You taught them too well
How to silence that which they think beneath them,
And you are not on top anymore.
You have told them they are roadblock.
There will be hell to pay when they realize they are breakthrough.
At a news conference at the Art Gallery at City Hall on Thursday afternoon, a smiling Otter Jung-Allen, 16, read the poem "You Have Not Gagged Them." Jung-Allen was announced as the city's fourth-ever Youth Poet. A senior at Science Leadership Academy, Jung-Allen begins the one-year laureateship immediately.
A member of the Philadelphia Youth Poetry Movement team that won the top prize a year ago at the Brave New Voices International Youth Poetry Festival in Atlanta, Jung-Allen, a transgender person who uses the plural pronoun in reference to themselves, is no stranger to the spotlight. They plan to use the accolade to talk to a wider audience about white privilege, queer visibility, and slam poetry.
Jung-Allen's poem spoke of a child stuck in a corner, punished for revolting against silence. "You Have Not Gagged Them" is a byproduct of days interning at Chester A. Arthur School, where a kid was dubbed "Bad Apple," "Hyperactive," and "Tantrum" for his behavior and isolated from the rest of the class. Telling the every-story of a young person being other-ed by the public school system, Jung-Allen read with intensity but never severity. Behind the poet's eyes was an attractive glimmer of hope, as if all of the voiceless might have a revolution if only someone let them. Judging from the power of the words, Jung-Allen may be that someone.
Here is Otter Jung-Allen reading "You Have Not Gagged Them" at the announcement ceremony:
"A lot of people see slam poetry as this elitist, pretentious art form that doesn't really help anybody," Jung-Allen said, "but really it appeals to this vast audience, and it's able to change a lot of people's lives."
The poet laureate program, spearheaded by former mayor Michael Nutter and current mayor Jim Kenney, aims to bring poetry to Philadelphia through local voices by selecting one Poet Laureate every two years and a Youth Poet Laureate each academic year.
"It's not poetry as something that I studied in college that was Shakespeare, that was sort of fancy or highfalutin' in some ways," said city chief cultural officer Kelly Lee. "But it's storytelling, and it's bringing communities together to share their stories and finding the commonalities.
Yolanda Wisher, named poet laureate in early February, said the hope is "that poetry can do more than just be pretty words or entertainment. That it can be really life-changing and empowering for other people to find their voice and to really show community voices."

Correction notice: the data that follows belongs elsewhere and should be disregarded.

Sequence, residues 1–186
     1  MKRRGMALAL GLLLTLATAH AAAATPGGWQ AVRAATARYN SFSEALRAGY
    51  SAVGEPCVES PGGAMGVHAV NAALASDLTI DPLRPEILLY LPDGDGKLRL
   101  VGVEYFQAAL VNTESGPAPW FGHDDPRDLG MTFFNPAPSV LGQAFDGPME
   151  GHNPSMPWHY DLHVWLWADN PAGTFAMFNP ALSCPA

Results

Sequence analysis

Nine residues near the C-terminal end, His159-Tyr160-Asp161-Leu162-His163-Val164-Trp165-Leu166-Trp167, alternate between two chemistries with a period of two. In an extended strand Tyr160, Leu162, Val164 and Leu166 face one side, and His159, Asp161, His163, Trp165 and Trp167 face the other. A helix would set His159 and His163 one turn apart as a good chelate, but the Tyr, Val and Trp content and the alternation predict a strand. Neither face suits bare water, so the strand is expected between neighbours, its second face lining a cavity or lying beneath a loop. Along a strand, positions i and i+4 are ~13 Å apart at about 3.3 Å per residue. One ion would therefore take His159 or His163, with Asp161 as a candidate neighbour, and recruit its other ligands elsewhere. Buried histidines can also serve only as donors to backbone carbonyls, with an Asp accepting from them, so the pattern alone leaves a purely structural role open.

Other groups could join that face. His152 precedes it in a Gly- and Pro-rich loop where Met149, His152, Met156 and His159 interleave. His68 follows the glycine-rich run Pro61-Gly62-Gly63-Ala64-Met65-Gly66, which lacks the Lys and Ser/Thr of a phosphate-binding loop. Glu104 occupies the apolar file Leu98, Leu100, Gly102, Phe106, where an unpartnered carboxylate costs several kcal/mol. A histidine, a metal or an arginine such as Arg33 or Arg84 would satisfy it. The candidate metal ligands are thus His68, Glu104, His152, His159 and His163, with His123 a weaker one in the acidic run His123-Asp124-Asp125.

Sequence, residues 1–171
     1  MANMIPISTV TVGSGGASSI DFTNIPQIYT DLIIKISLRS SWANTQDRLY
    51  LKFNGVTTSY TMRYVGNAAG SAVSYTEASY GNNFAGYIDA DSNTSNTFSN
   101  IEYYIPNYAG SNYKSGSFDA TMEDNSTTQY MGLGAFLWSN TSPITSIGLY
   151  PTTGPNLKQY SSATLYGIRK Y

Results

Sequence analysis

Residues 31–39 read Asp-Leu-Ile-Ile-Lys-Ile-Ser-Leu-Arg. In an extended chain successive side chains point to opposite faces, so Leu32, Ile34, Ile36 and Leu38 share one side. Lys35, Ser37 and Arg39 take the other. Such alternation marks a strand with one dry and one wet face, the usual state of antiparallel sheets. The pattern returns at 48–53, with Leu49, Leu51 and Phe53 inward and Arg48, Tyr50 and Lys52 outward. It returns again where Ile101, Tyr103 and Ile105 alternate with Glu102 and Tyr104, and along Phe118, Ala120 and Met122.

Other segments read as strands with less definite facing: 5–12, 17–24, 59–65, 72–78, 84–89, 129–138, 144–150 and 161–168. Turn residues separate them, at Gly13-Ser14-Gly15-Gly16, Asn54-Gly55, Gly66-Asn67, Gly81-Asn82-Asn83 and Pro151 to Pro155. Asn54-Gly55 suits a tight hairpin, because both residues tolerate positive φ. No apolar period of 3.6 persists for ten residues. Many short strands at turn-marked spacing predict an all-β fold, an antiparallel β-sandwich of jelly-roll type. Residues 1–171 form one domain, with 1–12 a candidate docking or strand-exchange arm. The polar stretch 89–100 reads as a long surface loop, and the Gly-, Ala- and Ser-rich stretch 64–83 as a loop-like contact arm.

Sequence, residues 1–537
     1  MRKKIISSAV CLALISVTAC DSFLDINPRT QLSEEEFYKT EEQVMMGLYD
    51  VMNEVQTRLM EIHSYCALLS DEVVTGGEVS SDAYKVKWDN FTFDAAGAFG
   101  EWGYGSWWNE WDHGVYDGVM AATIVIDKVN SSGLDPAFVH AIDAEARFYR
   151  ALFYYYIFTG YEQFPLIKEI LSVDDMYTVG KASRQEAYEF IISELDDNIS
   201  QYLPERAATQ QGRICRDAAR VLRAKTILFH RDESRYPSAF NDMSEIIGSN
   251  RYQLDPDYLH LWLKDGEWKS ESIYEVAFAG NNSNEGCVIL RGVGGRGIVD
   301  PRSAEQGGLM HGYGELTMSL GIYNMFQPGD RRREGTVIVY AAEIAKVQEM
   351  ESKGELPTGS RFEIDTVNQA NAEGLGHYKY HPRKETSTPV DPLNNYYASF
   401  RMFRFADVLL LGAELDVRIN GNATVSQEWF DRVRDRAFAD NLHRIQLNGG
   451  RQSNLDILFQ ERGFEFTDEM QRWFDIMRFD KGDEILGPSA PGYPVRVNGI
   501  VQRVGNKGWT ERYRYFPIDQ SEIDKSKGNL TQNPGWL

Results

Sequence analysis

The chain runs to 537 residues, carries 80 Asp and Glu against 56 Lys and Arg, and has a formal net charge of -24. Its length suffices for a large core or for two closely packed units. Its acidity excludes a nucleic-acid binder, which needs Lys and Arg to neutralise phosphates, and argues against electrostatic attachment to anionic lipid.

Wisher was on the committee that selected Jung-Allen, as well as finalists Husnaa Hashim and Zoe Gray, both of whom also read at the announcement on Thursday.
Here is Husnaa Hashim reading at the announcement ceremony:
Wisher will also be mentoring Jung-Allen over the next year. She described the new young poet as a "leader" with "a really powerful life story to share and . . . the grace and the poise to really turn that story into art.
"That I think is something hard to do for any teenager," Wisher continued, "but I think Otter's making grace out of some really hard life experiences and turning them into beauty, and also turning them into empowerment for other people."
Jung-Allen is from West Philly and has been writing poetry since third grade (though they didn't graduate to slam poetry until ninth grade). They are hoping to use their new position to meet others from the queer artistic community.
"They're going to say, 'Hi, you're trans. I'm trans, too. Let's talk,' " Jung-Allen said. "Which is something that I pray for, because I think it's really important to have that sort of connection. And then I want to uplift those people, to say, 'You're trans, you have a poem, let me read it. Let's showcase it here.' "
When Jung-Allen began writing, they worried about how to make an impact, how to make their words resound to match the literary elite. But they didn't need to worry: Their poetry has already started tearing down barriers.
"Almost as soon as I started," Jung-Allen said, "there were people coming up to me after performances saying, 'I went through that thing you were talking about. And you just changed my night, or you just changed my month, just because of that poem.' "